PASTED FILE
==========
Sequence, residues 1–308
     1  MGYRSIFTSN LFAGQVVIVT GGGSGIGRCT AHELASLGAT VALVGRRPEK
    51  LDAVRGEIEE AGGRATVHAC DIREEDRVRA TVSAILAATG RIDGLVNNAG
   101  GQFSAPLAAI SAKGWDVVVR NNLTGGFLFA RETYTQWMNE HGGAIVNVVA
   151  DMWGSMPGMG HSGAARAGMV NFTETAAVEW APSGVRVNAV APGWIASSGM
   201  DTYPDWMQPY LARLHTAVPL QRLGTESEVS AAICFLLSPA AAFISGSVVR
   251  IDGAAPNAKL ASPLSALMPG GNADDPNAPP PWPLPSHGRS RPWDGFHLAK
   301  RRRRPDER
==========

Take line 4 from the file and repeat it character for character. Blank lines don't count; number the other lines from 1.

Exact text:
   101  GQFSAPLAAI SAKGWDVVVR NNLTGGFLFA RETYTQWMNE HGGAIVNVVA